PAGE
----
Also, one of the more talked-about moments from Congress last week came when Sen. Jim Inhofe (R-OK) threw a snowball across the Senate floor while making a point about climate change.
Interview on the Pennsylvania Severance Tax Proposals with Tom Shepstone of Natural Gas Now (Starts at 28:03)
Tom is a planning and research consultant working in Honesdale, Pennsylvania. He helps municipalities and other entities with economic development. Tom was initially pulled into natural gas issues after he had the opportunity to lease some of his own land. He felt that the industry was not doing enough to fend off attacks, so he become an advocate. He did some work with the pro-industry group Energy in Depth and now advocates for the industry on his own blog Natural Gas Now. He has written a guide to the proposed severance tax in Pennsylvania, along with frequent posts on the topic.
Pennsylvania imposed a new “impact fee” on natural gas development in 2012. As a general principle, fees are not supposed to make money, instead fees support the costs of enforcing an ordinance. Tom said the debate at the time was focused on addressing the impacts of drilling, and it is quite an accomplishment that the fees were limited to that purpose. He described the debate on the fee as a subdued discussion. Many local governments opposed the fee, as they were enjoying economic benefits and working with the industry to mitigate traffic and road damage. Many in the industry recognized, however, that the dense population of the Northeast makes it a difficult place to develop resources and steps should be taken to support communities. At the end of the day, Tom said the impact fee worked out reasonably well.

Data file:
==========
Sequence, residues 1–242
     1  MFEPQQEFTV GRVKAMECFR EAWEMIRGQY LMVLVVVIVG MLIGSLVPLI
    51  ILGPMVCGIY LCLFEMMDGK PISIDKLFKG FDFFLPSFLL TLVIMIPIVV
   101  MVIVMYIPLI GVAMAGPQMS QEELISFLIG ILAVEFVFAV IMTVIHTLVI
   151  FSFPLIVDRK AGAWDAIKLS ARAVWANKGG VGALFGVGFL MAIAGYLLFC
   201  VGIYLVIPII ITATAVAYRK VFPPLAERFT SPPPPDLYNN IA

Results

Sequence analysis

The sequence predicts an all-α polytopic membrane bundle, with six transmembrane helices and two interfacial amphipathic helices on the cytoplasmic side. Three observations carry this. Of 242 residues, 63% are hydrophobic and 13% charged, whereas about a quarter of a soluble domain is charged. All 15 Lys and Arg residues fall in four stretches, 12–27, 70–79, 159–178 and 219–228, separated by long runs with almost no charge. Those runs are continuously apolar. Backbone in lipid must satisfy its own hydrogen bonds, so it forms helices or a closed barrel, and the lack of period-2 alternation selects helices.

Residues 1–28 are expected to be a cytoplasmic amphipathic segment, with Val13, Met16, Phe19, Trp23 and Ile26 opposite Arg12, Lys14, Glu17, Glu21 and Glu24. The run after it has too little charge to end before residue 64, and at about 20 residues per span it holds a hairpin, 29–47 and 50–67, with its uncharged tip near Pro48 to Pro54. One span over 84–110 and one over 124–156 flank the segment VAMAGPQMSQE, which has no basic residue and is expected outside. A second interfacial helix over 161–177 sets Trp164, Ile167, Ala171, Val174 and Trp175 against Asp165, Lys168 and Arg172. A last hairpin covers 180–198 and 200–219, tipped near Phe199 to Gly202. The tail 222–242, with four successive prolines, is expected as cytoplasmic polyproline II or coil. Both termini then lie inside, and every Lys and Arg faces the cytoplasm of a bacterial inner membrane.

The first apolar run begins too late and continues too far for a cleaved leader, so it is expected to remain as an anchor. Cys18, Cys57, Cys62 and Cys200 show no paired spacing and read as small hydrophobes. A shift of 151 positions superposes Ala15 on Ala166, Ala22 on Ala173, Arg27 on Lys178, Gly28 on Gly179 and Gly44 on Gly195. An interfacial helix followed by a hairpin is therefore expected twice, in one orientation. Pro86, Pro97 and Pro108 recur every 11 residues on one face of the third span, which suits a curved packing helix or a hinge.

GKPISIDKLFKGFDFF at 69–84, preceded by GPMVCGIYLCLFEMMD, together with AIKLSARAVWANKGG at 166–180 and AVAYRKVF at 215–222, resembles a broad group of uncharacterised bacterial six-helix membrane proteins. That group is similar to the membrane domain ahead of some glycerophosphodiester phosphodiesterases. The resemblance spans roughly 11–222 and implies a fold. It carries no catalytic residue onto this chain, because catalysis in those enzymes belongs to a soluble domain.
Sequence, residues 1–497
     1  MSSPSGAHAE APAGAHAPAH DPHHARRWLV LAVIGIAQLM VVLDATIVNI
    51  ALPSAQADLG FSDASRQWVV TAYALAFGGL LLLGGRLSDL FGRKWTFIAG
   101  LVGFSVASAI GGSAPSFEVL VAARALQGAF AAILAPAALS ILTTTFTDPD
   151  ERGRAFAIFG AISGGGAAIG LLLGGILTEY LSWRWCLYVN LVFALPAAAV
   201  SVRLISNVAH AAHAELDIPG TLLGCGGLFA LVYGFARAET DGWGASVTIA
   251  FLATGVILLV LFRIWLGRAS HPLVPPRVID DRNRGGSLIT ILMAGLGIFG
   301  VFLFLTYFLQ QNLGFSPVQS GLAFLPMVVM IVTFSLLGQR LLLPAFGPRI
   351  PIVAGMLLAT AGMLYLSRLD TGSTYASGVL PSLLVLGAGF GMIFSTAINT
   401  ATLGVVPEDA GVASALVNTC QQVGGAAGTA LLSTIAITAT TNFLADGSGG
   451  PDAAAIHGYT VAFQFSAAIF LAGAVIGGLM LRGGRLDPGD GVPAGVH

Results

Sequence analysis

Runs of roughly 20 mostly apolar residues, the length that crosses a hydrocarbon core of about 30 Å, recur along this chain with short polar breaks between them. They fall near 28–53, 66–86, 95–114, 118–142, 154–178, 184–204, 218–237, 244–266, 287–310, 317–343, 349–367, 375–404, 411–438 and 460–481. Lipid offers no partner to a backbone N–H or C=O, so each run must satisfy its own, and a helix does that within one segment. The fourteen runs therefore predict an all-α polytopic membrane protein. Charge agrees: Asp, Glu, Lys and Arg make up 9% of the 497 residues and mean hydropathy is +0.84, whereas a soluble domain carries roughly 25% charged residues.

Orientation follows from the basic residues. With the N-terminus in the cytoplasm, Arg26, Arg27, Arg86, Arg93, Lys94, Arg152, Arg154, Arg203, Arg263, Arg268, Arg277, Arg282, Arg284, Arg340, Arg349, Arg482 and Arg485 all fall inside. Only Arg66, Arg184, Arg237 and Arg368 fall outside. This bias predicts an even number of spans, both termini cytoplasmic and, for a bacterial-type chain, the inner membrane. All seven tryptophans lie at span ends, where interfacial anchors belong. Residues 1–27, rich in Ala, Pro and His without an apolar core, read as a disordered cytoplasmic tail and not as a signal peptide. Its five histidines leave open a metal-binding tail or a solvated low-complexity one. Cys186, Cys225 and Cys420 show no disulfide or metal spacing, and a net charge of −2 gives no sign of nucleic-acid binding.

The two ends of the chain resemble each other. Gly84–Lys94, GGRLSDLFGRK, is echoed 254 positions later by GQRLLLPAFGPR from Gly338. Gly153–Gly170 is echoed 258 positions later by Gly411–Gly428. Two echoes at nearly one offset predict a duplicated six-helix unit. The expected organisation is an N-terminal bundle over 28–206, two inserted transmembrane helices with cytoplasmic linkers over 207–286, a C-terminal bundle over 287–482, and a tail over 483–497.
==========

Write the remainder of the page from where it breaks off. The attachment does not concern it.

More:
Former Republican Governor Tom Corbett pushed an impact “fee” because he did not want to break is “no tax” pledge. Tom argues that was probably a mistake, as it left open the argument that the industry is not being taxed. Gov. Corbett went on to earn the unfortunate honor of being the only Republican governor to lose to a Democratic challenger in 2014. Tom said Gov. Corbett did not lose because of energy issues, however. Tom said the Governor ran a lousy campaign, and was outdone by current Gov. Tom Wolf’s sunny personality. Corbett also suffered from the classic problem of having to explain a record while Wolf, as a challenger, could promise most anything.
During the campaign, Democratic challenger Tom Wolf promised a new 5% severance tax to raise funds for education, infrastructure, and renewable energy. Gov. Wolf’s formal proposal, however, did not specify what the funds would be used for. He did call his tax proposal the “Pennsylvania Education Reinvestment Act.” And he announced it at a school and said the “lion’s share” would go to education. But the plan seems to be lacking details. Tom said he expects the tax money is going to be spent primarily on the state’s underfunded public employee pension fund.
Gov. Wolf is not the only policymaker supporting a severance tax. He is quick to point out that two Republicans have proposed their own 3.2% tax on top of the impact fee. Tom pointed out, however, that those two Republicans are both from high-income areas around Philadelphia. They are essentially proposing to tax the gas production in low-income rural counties and send that money to high-income school districts. Several Democrats have also proposed an even higher tax. There is a good chance that some type of tax will pass. Tom said it will likely be a lighter tax that does not raise much revenue.
Tom was highly critical of the merits of the Pennsylvania severance tax proposal. Gov. Wolf justifies the 5% rate as being the same as neighboring West Virginia, but Tom said that proves the tax is a bad idea. Pennsylvania is doing far better that West Virginia in production, rig counts, and investment. Gov. Wolf also points out that industry-friendly Texas has a higher severance tax of 7.5%. Tom argues, however, that the overall tax burden for an oil and gas company in Texas is far lower than in Pennsylvania. Pennsylvania’s comparative tax burden would only get worse by raising taxes.
You can see more of Tom’s work at www.naturalgasnow.org.